A few days ago Anne Owers, the chief inspector of prisons, suggested that one of England's four secure training centres, Oakhill in Milton Keynes, ought to be closed down, at least for a temporary period. Her concern is the prevalent use of force in the facility, which houses about 80 children, and exists, ostensibly, to provide them with education and rehabilitation.

At Oakhill, force was used in the restraint of the children living there on 757 occasions in the last nine months, with the highest level of restraint, requiring three members of staff, one holding the head of the trainee, being used 532 times. That seems to me like a lot of restraint against 80 children, and does not suggest that the institution is coping well in its trainee-staff relations. Yet "criminal children" have been so demonised that there is hardly a ripple of public interest in Owers's warning.

The youngest person ever to have died under restraint in Britain is 15-year-old Gareth Myatt, who lost his life after he had been at Rainsbrook secure training centre for just a few days of a six-month sentence, in 2004. He was asphyxiated by his own vomit, after being held using the now-banned "double-seated embrace technique", which involves three adults holding a child doubled over on the floor, with his head pressed into his groin.

The inquest into his death revealed the chain of events that had led to his restraint. The trouble had started when the boy refused to clean out a sandwich toaster. Staff responded by deciding to confine the child in his room. But in order to make the punishment smart, they started stripping the room of his personal belongings. The boy became violent when they removed a piece of paper from his shelf, which turned out to have been a sheet on which his solicitor had hastily written his mother's new mobile phone number.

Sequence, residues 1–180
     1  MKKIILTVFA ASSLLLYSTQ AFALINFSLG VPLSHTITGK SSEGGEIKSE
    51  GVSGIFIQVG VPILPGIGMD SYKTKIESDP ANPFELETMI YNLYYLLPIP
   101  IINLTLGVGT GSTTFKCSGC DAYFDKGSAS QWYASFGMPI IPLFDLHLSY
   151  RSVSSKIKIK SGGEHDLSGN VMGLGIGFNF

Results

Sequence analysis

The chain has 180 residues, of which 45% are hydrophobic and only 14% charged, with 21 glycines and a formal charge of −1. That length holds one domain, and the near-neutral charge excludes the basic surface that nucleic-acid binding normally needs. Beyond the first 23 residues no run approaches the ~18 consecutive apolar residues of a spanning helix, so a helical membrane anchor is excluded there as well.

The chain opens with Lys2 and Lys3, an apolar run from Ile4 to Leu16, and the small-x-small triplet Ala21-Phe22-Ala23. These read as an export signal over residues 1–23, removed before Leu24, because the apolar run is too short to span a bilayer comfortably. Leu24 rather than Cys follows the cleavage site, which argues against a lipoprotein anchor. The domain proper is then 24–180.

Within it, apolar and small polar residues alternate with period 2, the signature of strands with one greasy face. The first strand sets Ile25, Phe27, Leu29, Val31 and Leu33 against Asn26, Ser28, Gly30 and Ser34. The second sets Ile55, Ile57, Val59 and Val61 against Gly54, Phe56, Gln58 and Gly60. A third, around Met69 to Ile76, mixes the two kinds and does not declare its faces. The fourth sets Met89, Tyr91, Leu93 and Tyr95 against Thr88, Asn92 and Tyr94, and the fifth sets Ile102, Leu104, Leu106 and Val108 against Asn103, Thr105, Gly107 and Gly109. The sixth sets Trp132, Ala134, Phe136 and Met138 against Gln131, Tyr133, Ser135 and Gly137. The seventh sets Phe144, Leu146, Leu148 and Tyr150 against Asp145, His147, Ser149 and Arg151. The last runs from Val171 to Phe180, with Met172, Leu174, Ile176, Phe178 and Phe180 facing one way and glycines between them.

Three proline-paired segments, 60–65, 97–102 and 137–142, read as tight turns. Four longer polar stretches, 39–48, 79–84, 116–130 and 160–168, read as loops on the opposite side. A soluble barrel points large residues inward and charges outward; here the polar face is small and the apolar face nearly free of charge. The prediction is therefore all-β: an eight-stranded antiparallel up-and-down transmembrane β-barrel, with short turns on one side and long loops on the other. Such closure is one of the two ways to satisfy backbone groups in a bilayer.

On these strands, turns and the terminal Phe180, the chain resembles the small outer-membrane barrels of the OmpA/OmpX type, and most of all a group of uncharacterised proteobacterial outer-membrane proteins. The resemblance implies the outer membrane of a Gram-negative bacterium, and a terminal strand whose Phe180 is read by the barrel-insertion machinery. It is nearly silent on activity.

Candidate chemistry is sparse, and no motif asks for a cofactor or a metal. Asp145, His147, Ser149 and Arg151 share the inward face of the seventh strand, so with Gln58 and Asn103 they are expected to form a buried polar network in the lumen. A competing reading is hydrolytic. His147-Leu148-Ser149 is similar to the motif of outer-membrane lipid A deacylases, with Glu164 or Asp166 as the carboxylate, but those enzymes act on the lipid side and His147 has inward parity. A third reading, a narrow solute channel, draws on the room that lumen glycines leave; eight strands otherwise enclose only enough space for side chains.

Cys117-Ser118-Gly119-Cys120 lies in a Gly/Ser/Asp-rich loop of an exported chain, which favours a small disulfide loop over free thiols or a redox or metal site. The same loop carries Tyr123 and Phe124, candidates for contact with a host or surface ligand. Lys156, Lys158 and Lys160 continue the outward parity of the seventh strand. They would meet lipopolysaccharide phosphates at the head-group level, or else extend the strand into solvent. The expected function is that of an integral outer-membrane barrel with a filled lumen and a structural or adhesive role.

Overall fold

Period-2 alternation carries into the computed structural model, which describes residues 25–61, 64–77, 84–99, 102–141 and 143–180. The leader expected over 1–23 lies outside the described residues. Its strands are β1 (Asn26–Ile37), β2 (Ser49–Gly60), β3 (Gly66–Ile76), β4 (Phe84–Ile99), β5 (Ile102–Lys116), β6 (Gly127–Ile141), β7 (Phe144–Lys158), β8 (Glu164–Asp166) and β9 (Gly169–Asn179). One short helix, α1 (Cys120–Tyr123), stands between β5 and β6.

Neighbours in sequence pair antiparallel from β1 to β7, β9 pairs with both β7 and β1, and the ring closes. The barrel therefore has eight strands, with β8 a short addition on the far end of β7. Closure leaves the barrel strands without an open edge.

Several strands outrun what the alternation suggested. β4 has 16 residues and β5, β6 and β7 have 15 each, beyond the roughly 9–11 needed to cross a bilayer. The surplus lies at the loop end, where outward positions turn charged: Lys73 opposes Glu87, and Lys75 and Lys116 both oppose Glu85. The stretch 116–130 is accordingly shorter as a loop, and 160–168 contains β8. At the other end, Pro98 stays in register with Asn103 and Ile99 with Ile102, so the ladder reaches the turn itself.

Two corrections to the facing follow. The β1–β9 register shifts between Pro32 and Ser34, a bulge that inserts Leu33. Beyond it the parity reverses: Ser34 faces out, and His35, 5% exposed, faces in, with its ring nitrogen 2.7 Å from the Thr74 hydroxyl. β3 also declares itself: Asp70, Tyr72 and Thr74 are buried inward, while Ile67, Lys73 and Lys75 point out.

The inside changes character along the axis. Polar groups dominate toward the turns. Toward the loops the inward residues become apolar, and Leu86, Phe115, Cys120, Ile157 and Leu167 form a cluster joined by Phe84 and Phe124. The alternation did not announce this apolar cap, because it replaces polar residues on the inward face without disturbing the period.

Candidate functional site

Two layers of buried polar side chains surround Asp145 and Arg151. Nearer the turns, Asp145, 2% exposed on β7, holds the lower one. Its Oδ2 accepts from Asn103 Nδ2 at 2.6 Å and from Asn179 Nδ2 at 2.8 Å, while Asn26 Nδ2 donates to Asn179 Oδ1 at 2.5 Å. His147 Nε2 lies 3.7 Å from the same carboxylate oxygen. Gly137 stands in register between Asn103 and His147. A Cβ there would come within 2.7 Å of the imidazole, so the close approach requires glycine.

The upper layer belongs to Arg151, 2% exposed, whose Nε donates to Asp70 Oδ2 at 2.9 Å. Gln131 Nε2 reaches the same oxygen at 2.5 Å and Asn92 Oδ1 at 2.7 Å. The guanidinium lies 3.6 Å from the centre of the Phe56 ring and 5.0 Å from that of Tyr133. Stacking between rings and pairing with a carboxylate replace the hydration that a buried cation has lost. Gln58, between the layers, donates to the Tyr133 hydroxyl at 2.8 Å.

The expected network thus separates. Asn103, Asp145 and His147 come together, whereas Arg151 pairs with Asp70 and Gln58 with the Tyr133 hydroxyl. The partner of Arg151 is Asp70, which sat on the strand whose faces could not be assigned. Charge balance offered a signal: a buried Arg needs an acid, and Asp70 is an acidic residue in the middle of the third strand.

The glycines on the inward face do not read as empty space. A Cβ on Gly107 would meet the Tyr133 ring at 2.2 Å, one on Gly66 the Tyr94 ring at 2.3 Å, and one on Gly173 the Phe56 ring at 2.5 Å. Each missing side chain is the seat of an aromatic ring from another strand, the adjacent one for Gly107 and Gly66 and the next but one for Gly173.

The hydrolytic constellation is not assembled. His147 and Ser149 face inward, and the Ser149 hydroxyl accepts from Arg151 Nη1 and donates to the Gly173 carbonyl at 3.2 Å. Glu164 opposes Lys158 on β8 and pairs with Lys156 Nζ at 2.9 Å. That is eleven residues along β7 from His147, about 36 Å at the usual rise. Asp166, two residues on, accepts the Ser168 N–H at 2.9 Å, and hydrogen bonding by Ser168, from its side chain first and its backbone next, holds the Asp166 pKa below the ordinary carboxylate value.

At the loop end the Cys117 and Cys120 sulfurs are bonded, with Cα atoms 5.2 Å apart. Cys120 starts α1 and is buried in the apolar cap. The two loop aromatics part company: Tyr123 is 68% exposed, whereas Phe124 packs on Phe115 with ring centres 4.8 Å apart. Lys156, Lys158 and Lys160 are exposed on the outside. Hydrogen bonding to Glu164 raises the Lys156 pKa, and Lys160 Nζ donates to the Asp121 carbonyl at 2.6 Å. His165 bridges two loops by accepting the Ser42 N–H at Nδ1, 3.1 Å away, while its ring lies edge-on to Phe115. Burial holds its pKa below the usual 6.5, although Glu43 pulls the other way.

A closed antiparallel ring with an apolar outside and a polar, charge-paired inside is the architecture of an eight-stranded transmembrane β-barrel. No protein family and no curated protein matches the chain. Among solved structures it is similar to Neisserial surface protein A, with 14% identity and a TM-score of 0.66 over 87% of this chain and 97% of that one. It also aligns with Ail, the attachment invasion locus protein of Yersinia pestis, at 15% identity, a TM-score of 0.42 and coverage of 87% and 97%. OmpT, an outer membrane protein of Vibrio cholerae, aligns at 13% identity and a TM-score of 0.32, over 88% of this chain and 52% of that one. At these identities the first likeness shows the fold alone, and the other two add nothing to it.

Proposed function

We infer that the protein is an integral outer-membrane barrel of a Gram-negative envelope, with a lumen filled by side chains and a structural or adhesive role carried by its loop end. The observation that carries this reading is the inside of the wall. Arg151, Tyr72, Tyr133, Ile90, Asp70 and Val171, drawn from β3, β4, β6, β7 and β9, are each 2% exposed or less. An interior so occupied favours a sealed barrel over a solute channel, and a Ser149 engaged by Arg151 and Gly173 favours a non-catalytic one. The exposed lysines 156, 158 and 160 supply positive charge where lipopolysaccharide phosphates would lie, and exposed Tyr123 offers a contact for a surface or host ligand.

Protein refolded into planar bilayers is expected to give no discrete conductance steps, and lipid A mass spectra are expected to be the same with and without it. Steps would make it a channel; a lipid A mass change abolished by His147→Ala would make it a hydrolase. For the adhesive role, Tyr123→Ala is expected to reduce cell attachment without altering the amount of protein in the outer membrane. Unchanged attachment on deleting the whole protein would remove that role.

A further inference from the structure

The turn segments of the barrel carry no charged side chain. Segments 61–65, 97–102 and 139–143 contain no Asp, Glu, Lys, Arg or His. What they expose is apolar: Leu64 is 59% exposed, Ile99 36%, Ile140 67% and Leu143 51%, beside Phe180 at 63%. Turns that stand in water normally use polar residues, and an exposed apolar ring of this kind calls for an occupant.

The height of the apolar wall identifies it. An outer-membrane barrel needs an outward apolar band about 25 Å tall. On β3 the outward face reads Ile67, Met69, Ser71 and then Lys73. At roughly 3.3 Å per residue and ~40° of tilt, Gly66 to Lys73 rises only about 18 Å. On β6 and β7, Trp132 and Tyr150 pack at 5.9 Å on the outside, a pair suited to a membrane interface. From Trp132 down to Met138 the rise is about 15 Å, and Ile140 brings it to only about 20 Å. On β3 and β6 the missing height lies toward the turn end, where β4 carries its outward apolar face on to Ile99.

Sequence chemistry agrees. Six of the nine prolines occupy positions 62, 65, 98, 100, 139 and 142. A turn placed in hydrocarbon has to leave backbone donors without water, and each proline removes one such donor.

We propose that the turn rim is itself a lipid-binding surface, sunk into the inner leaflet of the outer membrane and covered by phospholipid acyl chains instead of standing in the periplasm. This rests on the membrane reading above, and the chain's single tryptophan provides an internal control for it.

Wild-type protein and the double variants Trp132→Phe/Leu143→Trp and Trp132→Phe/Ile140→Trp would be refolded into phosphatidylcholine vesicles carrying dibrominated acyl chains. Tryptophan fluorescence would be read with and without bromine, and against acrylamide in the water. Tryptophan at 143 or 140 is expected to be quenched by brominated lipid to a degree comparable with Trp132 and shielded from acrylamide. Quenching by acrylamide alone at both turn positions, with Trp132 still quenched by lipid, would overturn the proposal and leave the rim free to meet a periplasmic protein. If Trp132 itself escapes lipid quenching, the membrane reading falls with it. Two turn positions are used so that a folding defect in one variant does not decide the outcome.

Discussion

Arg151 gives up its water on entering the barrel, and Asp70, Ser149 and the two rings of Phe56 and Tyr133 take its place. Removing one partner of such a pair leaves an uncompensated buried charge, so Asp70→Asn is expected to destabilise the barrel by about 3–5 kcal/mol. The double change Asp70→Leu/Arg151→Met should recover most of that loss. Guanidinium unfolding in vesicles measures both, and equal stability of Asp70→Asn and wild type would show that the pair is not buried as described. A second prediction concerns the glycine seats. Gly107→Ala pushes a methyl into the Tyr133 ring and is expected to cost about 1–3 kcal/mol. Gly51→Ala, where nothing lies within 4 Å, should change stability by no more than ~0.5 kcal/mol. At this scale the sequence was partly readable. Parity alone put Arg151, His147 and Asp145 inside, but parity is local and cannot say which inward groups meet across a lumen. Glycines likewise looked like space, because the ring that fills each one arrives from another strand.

This awful series of escalating events reached the public domain because Myatt died. But there is evidence to suggest that much of the use of restraint in children's prisons has its roots in initial refusal to submit to petty discipline. Myatt's mother admits, in that well-worn phrase, that her son was "no angel". Even so, he was incarcerated after his first conviction, which was for assaulting a residential worker at a children's unit. The police had at this point known about Myatt's delinquent behaviour for some years. Interventions aimed at preventing his troublesome behaviour had clearly been going gone badly wrong for some time already. A failed intervention led to his incarceration, and even if the violence that was used in turn against him had not killed him, it is difficult to see how it would have cured him.

What needs to be worked out, in the trumpeting of "early intervention" with children at risk of criminality, is why the kind of intervention that is used so often seems to exacerbate rather than prevent the very behaviour that is being targeted, or to speed up rather than slow down or stop the child's progression to jail.

Most of all, bearing in mind how much violent behaviour teachers now report in schools, and how many schools now house the permanent presence of a police officer, what has to be addressed is why there is so little institutional support between mainstream education and criminal incarceration. Until that gap has been suitably bridged, there doesn't seem to be too much point in throwing money either at DNA databases or a short, sharp shocks. We are hard on children, not soft, in this country, and it really ought to be clear by now that this is making our children hard in their turn.